The Dunhuang Star Chart is one of the first known graphical representations of stars from ancient Chinese astronomy, dated to the Tang Dynasty (618–907). A recent analysis notes the atlas marks positions of over 1,300 stars and outlines 257 Chinese star groups. The star positions in the hand drawn atlas were found to be accurate to within a few degrees.

This example showing the north polar region, a very recognizable Big Dipper, part of the modern constellation Ursa Major, lies along the chart bottom.

The Dunhuang Star Map was found in the Dunhuang Mogao Grotto(敦煌莫高窟) in a cache of manuscripts in a covered alcove. At that time, the Grottos were all but abandoned and the monk who found them was selling manuscripts piece by piece to support himself and what was left of the monastary. In 1907, Aurel Stein and Paul Pelliot bought over 9000 objects and manuscripts from him. They sent trunks of items to Beijing to try to alert the government to the importance of the find, but most of the items disappeared into private collections. The rest were sent to Europe. The Dunhuang Star Map is now housed in the International Dunhuang Project at the British Library in London, United Kingdom.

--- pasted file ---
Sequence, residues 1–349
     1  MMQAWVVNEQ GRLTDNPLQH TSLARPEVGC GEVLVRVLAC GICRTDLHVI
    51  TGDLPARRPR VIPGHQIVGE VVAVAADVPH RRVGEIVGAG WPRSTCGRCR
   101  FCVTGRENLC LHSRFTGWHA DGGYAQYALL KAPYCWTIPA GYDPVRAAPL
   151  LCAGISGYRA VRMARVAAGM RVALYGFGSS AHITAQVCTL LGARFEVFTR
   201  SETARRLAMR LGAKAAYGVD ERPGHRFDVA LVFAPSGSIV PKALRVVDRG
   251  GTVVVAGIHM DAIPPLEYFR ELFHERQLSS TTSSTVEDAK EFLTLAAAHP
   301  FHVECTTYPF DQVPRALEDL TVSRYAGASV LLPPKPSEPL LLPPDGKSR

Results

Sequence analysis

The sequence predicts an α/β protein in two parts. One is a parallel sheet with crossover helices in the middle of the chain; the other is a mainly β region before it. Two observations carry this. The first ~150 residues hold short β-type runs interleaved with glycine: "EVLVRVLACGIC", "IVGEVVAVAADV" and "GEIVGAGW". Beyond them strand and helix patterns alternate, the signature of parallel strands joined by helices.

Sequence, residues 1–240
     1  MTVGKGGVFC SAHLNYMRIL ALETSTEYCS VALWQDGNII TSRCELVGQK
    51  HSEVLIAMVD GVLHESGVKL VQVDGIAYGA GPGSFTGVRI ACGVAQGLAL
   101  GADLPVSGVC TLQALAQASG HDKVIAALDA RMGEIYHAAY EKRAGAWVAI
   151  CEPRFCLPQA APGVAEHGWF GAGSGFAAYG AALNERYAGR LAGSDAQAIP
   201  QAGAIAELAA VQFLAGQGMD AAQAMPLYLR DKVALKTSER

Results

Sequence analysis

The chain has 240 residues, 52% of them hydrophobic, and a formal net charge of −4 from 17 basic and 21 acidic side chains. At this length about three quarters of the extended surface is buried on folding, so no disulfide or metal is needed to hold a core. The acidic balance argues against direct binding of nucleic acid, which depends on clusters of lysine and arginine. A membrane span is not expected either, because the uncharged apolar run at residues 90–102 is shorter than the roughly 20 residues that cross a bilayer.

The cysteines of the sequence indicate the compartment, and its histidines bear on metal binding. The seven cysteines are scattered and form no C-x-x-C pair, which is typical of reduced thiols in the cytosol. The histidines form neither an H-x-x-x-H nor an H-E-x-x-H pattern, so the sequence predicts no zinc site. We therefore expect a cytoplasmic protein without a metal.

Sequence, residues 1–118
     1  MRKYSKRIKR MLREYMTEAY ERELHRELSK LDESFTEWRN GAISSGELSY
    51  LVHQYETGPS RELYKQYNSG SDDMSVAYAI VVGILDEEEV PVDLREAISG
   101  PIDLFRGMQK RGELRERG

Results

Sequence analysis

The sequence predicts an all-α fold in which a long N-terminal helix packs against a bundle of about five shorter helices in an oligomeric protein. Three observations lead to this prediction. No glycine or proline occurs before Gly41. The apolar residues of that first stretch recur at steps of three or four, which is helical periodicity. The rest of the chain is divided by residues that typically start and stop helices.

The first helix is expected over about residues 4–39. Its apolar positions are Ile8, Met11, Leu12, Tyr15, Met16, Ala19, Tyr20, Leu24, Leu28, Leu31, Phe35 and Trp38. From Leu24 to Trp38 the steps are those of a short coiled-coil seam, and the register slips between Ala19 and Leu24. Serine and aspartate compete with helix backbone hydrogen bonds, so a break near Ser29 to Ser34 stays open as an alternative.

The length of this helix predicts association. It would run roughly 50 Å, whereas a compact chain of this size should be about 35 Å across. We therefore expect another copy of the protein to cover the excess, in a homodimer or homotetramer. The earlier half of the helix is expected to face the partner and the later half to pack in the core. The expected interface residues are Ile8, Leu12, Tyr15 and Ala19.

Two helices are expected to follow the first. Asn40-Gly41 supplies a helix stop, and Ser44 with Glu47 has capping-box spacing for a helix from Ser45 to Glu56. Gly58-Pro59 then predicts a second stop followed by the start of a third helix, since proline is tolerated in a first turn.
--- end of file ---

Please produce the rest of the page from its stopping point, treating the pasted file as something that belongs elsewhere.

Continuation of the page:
The star map has recently been dated back to the 700s. Earlier it was thought to date to the 900s. The map contains 1,350 stars in thirteen sections. One of the most interesting features of the charts is that they used two different methods to display the stars. One was a cylindrical projection for the stars around the horizon. When you flatten a curved object it changes the relationship among the objects on the surface. It is like a Mercator projection first seen in Europe in 1568.

Imagine cutting a ball to try to flatten it. You would have large segments of empty space between the slices of ball. On a cylindrical map, the lines of the ball are straightened artificially to maintain some relationship between the objects on the ball. This works fairly well on the equator or in the case of the sky, the horizon. When you get to the poles, the distances of the flattened slices are extremely distorted. To solve the problem, on the Dunhuang Star Map they used a circular polar projection method to draw the region around Polaris. That method, if used alone, would have distorted the measurements at the horizon.

What was it doing in Dunhuang? Usually such materials would be found in imperial archives. It is speculation, but it could have been used to guide travelers along the Silk Road. Dunhuang was the last major resting place before starting on the journey on the north or south routes across the Taklamakan desert to the west. (text source)

Related from contemporary science: The oldest extant star chart

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